What Was In This Mysterious "Cure" For Alcoholism?

Illustration for article titled What Was In This Mysterious Cure For Alcoholism?

The most famous medical man dedicated to treating alcoholism was Leslie Keeley, who operated the Keeley Institute and sold Keeley’s Gold Cure. When patients got the facility they were given a nice room, encouragement, and four shots of “gold bichloride” a day. There’s no such thing as gold bichloride.

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It’s natural that the rest of the medical community would be curious to figure out what the shots were. They obtained Keeley’s Gold any way they could. Some samples weren’t hard to get. Keeley sold vials of a version of the cure to be taken orally once a patient got home. But it was the shots that fascinated people. People went into Keeley’s institute undercover as alcoholics and as workers to try to get samples. Many of them got their hands on the stuff, but each analysis yielded different results. Some scientists found traces of alcohol. Some found traces of coca extract. Others found strychnine, willow bark, ammonia, and aloe. Many did find traces of gold salts, but no one could explain why that should work, other than gold giving patients the impression that they were receiving an expensive and high-class treatment. One chemist claimed the shots were just sedatives meant to get patients through withdrawal.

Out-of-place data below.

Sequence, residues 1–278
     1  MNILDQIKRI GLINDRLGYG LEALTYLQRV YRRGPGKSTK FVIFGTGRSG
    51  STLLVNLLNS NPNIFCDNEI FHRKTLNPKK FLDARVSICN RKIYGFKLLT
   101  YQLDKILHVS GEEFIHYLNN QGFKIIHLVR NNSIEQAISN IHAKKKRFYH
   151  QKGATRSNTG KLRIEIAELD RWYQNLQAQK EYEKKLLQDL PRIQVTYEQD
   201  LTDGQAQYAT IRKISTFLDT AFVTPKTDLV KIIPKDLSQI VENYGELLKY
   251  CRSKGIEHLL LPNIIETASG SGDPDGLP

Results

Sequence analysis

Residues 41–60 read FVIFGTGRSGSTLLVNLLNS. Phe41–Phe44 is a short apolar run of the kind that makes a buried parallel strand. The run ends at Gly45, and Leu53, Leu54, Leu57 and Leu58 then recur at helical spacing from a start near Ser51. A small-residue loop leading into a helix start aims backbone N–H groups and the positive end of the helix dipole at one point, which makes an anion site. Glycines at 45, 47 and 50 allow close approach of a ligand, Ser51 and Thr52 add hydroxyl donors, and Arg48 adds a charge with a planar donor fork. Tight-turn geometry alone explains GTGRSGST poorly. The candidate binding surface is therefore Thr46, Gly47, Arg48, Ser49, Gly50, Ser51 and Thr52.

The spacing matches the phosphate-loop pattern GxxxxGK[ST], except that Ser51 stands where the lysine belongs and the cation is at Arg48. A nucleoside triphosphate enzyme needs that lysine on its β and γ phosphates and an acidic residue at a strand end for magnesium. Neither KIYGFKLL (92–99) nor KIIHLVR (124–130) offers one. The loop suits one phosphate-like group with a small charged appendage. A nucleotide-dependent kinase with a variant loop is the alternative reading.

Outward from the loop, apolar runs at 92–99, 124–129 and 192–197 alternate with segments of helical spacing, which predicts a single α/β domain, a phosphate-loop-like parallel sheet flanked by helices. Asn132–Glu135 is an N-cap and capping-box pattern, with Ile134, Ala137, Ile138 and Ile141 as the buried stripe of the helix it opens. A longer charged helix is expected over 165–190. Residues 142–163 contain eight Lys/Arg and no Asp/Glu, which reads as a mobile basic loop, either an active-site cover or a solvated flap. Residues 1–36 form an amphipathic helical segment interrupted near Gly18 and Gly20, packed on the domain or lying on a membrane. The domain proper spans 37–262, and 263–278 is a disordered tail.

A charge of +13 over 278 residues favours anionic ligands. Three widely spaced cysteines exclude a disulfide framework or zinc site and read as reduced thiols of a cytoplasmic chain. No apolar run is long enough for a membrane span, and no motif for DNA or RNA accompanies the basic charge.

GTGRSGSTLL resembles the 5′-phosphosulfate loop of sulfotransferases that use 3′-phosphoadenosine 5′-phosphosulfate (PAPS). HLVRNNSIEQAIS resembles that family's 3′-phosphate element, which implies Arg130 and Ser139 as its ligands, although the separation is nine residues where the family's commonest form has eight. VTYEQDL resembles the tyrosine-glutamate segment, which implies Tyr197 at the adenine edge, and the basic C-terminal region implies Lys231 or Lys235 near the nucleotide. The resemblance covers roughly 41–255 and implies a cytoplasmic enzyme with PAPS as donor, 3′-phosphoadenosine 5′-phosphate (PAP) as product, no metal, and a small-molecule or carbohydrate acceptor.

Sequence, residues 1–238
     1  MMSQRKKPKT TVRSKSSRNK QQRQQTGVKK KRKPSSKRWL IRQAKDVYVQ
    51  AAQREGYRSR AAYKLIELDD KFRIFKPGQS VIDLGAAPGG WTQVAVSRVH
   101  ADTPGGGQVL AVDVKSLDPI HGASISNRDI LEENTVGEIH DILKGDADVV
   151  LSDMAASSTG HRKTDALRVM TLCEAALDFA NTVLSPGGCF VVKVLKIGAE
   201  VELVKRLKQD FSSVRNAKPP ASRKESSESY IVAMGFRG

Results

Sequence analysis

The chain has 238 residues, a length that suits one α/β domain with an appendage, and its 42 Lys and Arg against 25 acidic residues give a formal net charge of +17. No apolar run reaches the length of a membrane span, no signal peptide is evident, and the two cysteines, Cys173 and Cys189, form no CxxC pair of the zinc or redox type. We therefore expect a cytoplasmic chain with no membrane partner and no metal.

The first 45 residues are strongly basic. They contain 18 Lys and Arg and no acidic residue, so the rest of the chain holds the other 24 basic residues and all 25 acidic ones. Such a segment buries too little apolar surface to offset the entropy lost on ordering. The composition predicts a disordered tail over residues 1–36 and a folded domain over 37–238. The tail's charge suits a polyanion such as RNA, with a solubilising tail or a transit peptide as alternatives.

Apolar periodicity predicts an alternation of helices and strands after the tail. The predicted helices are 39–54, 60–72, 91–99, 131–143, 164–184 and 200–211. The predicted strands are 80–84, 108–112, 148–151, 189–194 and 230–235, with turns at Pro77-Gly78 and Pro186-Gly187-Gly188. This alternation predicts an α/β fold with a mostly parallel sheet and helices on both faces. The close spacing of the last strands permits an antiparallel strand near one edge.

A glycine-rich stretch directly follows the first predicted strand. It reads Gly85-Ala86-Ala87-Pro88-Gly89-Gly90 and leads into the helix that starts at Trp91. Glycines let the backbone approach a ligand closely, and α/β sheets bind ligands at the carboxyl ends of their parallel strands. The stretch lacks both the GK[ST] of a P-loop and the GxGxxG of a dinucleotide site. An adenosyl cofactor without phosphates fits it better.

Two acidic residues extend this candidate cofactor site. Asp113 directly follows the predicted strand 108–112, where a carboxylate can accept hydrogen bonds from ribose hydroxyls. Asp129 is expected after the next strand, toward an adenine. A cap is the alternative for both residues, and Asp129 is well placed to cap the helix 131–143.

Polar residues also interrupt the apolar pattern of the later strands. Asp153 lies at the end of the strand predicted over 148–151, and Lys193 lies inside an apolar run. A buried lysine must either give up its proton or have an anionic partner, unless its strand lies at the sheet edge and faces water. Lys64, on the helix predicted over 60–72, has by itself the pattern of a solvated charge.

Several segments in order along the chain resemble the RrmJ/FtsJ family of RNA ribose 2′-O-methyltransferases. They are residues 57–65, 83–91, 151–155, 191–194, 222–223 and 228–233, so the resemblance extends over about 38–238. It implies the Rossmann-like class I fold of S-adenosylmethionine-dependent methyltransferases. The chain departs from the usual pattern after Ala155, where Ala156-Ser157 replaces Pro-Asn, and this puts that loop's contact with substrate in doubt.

Keeley never revealed what was in his cure. Regardless, Keeley centers stayed popular throughout the late 1800s and early 1900s, and the last one didn’t close down until 1965. Some conspiracy theorists believe that Keeley really had found an effective treatment and that it was suppressed. Most doctors, now, believe that Keeley had a high success rate because his centers gave each person individual attention and encouragement. Seen in this way, he did make a medical breakthrough.

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Image: Johannes Jansson/norden.org.

[Sources: Drugs In America: A Social History by H Wayne Morgan, Alcoholism in America by Sarah W Tracy, Drinking In America by Mark Edward Lender]

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DISCUSSION

*cough* Placebo. *cough*

Honestly, besides the unstable application of self-control, the ~10-20% effective AA technique, a handful of drugs that become emetics when alcohol is ingested, and the (perplexingly illegal) ~95% effective Ibogaine, every other treatment for alcoholism is completely reliant on the placebo effect. And when we’re talking about a snake oil sounding treatment that seems to have a shifting and random recipe, placebo isn’t in any way a stretch.